There is still a way to go and yet already this journey has changed me forever. This wide brown land that I call home has spoken to me in a way that can only be heard amongst the clouds and clear blue skies. And I have had to listen carefully, not distracted by the voices of others or the pressures of the day-to-day grind. To truly hear the land and understand the magic that is all around me I have had to be alone; all alone, on this solo flight.

 Listen to the Podcast of 'Solo Flight' here.

The View From Up There.

Owen Zupp - Sunday, September 17, 2017

 

 

 

Flying allows us mere mortals to tread lightly about the threshold of another world. The sky is a vast expanse that shrouds our planet in alternating shades of blue and darkness. By night, it is peppered with a billion shards of starlight and by day the solitary sun burns with the same heat that melted the wings of Icarus. Still we fortunate few venture forth into this rarefied atmosphere to cast our eyes back in wonder at planet earth.

 

Still, this same sky constantly changes. Its canvas is subjected to the extremes of night and day and the subtleties of water vapour that combine into clouds. These white whisps can be inches thick or tower into the heavens, raining down hail and lightning. These same clouds can buffet our vehicles of flight or offer us a rare glimpse of our relative speed as we skim along their tops, our wheels seemingly tracing tracks amongst the droplets.

 

For all of this brute force and beauty, dawn and dusk remains a special time. As day and night creep further into the sky, the world can sometimes be seen carving its own shadow against the stars. However, it is the rich oranges blending into the darkest of blues that so often produce the most drama as nature’s ‘time lapse’ marks the day’s mid-points with a light show fit for the Gods.

 

As I took flight this last morning, I headed east towards the sun erupting above the waves in the east. Its molten rays bounced off the ceiling of stratus cloud creating a channel of fire trapped between earth and sky. As I wheeled back to the west, that same blaze slipped quickly into my periphery, replaced by the darkness of the retreating night. Below, the coastal lights dotted the shore while above the stars dotted the night’s final act.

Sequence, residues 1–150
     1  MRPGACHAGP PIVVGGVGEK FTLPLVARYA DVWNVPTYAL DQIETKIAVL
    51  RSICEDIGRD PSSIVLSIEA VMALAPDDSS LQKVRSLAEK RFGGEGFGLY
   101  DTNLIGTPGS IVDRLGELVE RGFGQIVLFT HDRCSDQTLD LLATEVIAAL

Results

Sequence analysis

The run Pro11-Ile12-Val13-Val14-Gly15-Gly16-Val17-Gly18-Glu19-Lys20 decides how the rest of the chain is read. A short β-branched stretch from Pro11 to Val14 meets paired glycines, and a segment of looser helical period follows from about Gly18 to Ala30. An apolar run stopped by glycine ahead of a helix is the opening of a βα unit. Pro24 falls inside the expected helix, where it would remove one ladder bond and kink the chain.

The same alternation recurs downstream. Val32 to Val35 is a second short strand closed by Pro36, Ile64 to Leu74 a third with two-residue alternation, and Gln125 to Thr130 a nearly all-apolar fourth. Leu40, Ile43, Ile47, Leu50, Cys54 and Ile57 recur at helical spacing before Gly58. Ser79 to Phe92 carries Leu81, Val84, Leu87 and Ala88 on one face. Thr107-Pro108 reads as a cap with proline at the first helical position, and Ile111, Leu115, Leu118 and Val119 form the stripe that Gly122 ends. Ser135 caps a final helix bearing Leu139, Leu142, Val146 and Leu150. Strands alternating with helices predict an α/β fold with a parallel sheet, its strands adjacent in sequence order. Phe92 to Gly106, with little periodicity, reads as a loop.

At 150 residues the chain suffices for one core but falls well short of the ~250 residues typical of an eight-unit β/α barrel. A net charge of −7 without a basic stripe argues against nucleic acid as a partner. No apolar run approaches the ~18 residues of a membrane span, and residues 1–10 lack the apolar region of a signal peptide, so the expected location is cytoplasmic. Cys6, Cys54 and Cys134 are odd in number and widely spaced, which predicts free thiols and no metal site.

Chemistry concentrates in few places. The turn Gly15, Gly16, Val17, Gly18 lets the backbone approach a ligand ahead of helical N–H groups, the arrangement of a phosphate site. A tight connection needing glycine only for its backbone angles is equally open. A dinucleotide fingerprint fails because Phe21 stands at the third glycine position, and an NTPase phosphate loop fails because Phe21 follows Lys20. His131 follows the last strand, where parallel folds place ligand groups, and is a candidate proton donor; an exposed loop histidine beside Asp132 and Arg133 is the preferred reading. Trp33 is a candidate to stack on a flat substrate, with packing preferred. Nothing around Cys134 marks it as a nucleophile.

As I raced towards the night it was obvious that there was no escaping the day. Like fishing net being cast by the lone fisherman it gradually overwhelmed the darkness overhead until it had me firmly within its grasp. In all directions, the light blue tones of day swallowed the last tinkling stars and the black earth below came into view. The mountain ranges now cast long shadows and the frost in the fields gave them a greyish hue.

Another day had arrived and the sky readied itself once again for the subtleties of wind and weather before the day once again became night. We that fly are privileged to see this majestic display that is repeated every day with military precision and yet differing with every dawn at the hand of nature’s chaos. For some the sky is the limit, to others it is the pilot’s theatre.

How Kim Jong-un helped me...and he didn't even know it. By Owen Zupp.

Owen Zupp - Sunday, September 17, 2017

 

(A Silk 'Escape Map' carried on 201 missions over North Korea.) 

 

How Kim Jong-un helped me…and he didn’t even know it.

 

For a long time, I have been grateful for and recognised the service of our veterans from the Korean War. Caught between the enormity of World War Two and the controversy of the Vietnam War, Korea came to be known by many as ‘The Forgotten War’. In fact, I even had a school teacher once try and tell me that I was mistaken – there was no war in Korea. I knew better.

My father had served in Korea, flying 201 missions as a fighter pilot. He had been decorated and wounded, not that he was one to mention it. Consequently, every time I spoke of my father’s service, people knew of World War Two, where he’d served as an Army commando, and his post-war stint based out of Hiroshima. However, Korea was always met with a quizzical expression. Thanks to Kim Jong-un, that is no longer the case.

Invariably news reports are now relating the history of the conflict on the Korean Peninsula as they describe the current events and missile launches taking place. They relate how tension had been brewing on the Korean Peninsula since 1945 when Japan surrendered the territory they had previously occupied for thirty-five years. Initially, the United Nations moved towards re-unification, however, just as Berlin had been split into ‘East and West’ in the wake of World War Two, Korea became divided into North and South along the 38th parallel of latitude.

To the north of the 38th parallel existed Stalin-backed communist rule, while to the south, President Truman of the United States supported a democratic republic. The two world powers stared each other down and the Korean Peninsula was the stage. Stalin bet that Truman wouldn’t risk nuclear war over such a remote peninsula and before sunrise on the 25th of June 1950, the North invaded the South. Stalin was wrong.

My father served there through 1951 and 1952 and was stationed not far from Seoul at an air base in Kimpo. I have detailed his service in my book, ‘Without Precedent’ and until now, many have told me that it was their first glimpse into the Korean War.

While we all hold out that peace will prevail on the Korean Peninsula, at least now the efforts of our veterans of the Korean War may not be as forgotten, thanks to Kim-Jong-un.

Lest We Forget.